The case of Serbia
Notwithstanding the end of the Milosevic’s regime in 2000, Serbia’s European path has been difficult and eventful. The pro-EU integration forces have always had to face a strong nationalist opposition. Public opinion has remained divided between EU enthusiasts and EU skeptics, and opposition forces counted on the harsh feelings of the population due to the EU's position on the Kosovo crisis and the 1999 NATO bombing campaign. Therefore the government was reluctant to deliver indictees to ICTY as this could create tension among the population. According to Serbian government this demonstrated that the ICTY war criminals should have been tried before a domestic court. However, in 2004 the pro-EU forces, led by Boris Tadic, won the election, thereby allowing Serbia to start its own European path. The feasibility study was rebooted by the Commission in October 2004. In order to convince the Commission to approve the feasibility study, Serbia strengthened its commitment to the ICTY by delivering half a dozen indictees during the first months of 2005.16 This improvement in Serbia’s cooperation with the ICTY was due to a combination of pressure from the EU and a slight change in domestic public opinion, which no longer saw the ICTY as an anti-Serbia court. The opinion was partially changed with the indictment of several Croats, Bosnian and Albanian Muslims, which generated the idea that Serbia would no longer be victim of double standards.17 Then, on 3 October 2005 the General Affairs Council finally gave the Commission the mandate to conduct negotiations for the SAA with what was then still the State Union of Serbia and Montenegro.18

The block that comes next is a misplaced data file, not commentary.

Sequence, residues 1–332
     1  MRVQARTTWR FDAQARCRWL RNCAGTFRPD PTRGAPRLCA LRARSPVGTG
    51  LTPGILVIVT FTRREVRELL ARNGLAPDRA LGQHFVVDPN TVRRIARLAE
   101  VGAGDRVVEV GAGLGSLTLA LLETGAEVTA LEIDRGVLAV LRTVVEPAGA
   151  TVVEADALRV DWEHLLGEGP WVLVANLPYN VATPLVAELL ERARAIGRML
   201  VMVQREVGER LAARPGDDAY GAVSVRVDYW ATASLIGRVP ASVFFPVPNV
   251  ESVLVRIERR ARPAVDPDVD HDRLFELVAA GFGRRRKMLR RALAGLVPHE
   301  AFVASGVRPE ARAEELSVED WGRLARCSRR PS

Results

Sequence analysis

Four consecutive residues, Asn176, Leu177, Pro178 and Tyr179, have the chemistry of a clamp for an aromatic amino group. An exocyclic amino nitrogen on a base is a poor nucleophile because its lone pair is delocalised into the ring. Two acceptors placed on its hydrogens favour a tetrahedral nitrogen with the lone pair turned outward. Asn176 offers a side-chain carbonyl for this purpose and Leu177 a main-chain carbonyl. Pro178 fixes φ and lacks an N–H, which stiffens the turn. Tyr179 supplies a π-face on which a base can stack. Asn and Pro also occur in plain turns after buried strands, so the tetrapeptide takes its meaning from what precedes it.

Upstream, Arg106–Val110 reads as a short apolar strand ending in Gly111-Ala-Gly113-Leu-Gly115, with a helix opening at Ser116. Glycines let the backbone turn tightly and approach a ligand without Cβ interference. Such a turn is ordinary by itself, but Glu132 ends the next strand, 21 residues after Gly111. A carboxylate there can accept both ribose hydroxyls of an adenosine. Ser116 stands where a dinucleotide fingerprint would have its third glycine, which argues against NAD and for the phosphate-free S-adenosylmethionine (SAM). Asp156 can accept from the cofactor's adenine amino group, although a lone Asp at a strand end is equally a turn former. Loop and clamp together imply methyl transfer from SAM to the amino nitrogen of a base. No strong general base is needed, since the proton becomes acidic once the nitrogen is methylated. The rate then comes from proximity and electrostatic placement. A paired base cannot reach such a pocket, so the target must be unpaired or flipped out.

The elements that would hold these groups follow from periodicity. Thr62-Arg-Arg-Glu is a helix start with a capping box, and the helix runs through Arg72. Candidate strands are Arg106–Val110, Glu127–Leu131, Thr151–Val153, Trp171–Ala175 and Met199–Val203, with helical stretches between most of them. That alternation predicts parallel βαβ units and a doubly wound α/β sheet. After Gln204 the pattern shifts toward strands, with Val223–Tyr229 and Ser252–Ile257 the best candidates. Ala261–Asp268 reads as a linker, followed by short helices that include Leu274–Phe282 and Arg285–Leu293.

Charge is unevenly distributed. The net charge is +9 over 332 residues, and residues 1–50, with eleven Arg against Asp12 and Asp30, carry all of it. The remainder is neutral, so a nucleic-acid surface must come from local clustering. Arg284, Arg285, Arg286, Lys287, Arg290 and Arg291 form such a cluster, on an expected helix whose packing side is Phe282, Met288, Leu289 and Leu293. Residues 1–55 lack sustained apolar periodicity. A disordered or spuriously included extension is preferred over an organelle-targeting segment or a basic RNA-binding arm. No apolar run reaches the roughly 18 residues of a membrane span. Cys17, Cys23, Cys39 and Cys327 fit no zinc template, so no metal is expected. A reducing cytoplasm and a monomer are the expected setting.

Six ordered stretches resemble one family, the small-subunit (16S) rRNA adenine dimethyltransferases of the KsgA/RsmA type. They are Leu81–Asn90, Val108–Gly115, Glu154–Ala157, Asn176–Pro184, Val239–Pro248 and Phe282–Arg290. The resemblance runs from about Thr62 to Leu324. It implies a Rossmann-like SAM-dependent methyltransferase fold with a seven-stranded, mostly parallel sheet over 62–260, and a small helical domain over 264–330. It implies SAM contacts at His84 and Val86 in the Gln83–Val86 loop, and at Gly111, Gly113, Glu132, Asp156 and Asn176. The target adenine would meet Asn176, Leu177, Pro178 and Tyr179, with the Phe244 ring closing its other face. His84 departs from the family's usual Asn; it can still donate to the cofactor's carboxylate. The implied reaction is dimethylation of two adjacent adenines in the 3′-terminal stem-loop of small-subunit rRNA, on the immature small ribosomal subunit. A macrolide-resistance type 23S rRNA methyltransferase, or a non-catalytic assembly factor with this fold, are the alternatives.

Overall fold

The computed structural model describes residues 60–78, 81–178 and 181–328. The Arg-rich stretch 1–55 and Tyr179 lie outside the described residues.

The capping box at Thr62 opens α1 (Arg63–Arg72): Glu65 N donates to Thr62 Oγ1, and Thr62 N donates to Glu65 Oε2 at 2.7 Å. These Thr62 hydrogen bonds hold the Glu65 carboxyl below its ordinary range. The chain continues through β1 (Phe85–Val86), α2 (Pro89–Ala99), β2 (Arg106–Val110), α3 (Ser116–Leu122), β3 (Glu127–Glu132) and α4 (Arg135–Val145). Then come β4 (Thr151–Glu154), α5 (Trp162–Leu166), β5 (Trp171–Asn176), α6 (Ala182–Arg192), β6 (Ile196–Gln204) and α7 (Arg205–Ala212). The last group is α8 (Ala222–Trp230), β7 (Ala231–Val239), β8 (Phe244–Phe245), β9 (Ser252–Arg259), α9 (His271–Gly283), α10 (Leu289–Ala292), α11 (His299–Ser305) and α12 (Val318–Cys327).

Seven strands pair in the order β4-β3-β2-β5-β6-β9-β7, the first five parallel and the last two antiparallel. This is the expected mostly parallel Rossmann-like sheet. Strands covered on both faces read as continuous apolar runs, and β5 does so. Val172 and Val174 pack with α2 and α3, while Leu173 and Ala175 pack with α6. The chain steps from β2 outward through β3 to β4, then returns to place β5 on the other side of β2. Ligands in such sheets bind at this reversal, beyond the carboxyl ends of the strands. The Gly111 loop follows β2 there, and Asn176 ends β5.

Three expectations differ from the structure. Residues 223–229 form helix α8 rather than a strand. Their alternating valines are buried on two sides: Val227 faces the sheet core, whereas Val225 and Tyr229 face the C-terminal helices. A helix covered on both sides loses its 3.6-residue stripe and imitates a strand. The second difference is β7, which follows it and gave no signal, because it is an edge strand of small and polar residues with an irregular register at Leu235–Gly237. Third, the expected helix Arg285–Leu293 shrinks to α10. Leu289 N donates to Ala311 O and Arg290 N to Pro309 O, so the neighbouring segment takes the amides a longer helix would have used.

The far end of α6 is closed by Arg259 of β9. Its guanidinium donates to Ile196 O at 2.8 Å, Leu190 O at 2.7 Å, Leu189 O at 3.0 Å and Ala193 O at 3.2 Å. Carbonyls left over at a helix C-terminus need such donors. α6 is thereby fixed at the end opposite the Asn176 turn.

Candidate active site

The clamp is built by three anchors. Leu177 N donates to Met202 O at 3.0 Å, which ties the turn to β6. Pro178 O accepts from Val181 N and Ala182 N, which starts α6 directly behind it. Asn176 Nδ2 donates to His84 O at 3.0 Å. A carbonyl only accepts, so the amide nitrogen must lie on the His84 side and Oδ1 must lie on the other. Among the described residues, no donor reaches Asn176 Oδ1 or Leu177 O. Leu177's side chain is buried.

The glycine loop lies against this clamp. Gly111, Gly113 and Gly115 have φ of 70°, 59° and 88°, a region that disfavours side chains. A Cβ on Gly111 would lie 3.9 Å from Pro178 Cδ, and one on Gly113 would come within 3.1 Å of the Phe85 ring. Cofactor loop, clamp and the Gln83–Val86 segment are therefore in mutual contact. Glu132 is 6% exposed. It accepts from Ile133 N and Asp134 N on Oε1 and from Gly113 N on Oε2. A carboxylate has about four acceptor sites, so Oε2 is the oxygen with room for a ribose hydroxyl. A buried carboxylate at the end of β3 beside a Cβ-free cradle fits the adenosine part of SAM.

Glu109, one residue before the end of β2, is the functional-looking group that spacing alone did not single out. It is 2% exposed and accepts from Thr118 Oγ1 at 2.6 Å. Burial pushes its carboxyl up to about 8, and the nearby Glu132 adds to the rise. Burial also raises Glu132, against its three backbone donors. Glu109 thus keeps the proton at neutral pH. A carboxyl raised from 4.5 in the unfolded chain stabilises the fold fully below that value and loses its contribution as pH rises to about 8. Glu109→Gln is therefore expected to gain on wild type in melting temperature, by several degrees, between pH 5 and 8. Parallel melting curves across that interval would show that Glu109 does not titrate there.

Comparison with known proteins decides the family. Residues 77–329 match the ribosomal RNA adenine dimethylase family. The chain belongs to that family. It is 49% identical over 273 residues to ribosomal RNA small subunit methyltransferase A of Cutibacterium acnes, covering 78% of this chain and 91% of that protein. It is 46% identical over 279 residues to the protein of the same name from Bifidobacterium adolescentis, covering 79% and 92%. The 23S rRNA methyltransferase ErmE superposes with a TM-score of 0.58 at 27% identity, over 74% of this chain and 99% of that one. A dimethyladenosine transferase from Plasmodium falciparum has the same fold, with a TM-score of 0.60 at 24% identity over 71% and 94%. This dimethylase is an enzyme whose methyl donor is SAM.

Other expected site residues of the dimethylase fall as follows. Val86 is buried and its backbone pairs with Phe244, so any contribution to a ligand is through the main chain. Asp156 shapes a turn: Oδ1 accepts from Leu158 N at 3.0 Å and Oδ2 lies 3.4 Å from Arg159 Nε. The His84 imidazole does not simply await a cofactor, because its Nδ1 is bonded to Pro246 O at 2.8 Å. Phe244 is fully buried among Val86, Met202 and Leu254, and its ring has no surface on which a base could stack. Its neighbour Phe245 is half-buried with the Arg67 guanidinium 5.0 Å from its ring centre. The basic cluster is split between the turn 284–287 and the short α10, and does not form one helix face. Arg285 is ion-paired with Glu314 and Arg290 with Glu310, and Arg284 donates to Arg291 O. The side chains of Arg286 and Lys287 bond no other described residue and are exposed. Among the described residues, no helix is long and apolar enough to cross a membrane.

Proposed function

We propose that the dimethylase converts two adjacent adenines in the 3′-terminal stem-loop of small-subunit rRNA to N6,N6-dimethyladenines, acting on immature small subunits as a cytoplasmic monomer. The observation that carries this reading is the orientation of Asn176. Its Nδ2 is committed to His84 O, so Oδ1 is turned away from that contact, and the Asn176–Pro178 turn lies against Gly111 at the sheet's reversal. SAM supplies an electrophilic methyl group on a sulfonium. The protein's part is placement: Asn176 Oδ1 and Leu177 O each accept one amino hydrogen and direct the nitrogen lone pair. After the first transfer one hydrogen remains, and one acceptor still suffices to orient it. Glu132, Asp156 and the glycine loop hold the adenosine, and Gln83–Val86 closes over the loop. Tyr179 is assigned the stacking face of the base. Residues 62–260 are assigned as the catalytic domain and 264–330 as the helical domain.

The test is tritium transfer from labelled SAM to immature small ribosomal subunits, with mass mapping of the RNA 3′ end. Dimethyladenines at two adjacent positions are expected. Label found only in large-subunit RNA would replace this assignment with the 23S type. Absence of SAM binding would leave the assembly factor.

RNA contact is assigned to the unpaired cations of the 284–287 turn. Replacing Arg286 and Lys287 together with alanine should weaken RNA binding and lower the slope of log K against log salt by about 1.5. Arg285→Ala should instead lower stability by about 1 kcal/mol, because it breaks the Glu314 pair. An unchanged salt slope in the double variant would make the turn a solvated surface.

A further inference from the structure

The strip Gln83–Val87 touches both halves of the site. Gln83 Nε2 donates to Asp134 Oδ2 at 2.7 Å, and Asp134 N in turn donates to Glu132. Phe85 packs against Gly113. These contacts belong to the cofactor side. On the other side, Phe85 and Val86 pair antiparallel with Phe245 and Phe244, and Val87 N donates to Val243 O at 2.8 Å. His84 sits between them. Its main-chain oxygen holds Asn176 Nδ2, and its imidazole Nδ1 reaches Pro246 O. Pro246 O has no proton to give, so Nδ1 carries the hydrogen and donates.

However, regardless of the remarkable steps forward made by Serbia, the European Commissioner for Enlargement, Olli Rehn, confirmed that the condition sine qua non for the conclusion of the SAA negotiations was the arrest of the indictees still at large. A series of false reports on the whereabouts of Mladic and Karadzic forced the EU to take a tougher approach against Serbia’s lack of cooperation with the ICTY and on 27 February 2006 the Commission established a one month deadline for the arrest of the suspects, or the SAA negotiations would be interrupted. Serbia could not fulfill the EU’s requests and the Commission called off the negotiation round scheduled for 11 May 2006, bringing Serbia’s accession process to an abrupt end.19 The decision of the Commission was not definitive and the negotiations could have recommenced once Serbia accomplished the Commission's request to fulfill its obligations with the ICTY. After Serbia presented a new action plan, confirming its willingness to handover the suspects to ICTY, there were different reactions within the EU. Some Member States agreed to endorse the SAA even without the concrete arrest of Mladic and Karadzic, but the Netherlands, with the silent support of Belgium and United Kingdom, always represented an insuperable hurdle to this opportunity.20 In the Netherlands, the arrest of the top fugitives was political, due to the ambiguous involvement of the Dutch Peacekeepers in the Bosnian genocide in Srebrenica, which created a sense of national responsibility. The EU persisted in its “carrot and stick” policy and, on 29 April 2008, just two weeks before the elections won by the pro-EU coalition of President Tadic and a few months after the arrest of Radovan Karadzic, the EU and Serbia signed the SAA.21